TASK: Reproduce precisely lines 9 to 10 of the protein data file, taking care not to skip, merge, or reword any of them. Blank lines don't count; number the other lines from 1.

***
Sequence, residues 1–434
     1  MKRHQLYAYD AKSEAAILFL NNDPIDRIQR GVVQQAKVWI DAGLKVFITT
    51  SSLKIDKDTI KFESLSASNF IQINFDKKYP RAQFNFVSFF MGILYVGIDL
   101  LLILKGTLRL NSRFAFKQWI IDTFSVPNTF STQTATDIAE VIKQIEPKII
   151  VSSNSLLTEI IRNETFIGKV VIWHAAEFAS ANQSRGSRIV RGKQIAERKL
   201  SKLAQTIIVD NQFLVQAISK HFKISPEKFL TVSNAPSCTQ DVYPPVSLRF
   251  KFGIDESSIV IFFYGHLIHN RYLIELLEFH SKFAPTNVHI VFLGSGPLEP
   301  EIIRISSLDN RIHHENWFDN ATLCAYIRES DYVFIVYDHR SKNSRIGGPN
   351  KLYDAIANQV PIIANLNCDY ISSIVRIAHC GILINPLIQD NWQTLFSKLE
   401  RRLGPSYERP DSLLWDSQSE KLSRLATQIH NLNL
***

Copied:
   351  KLYDAIANQV PIIANLNCDY ISSIVRIAHC GILINPLIQD NWQTLFSKLE
   401  RRLGPSYERP DSLLWDSQSE KLSRLATQIH NLNL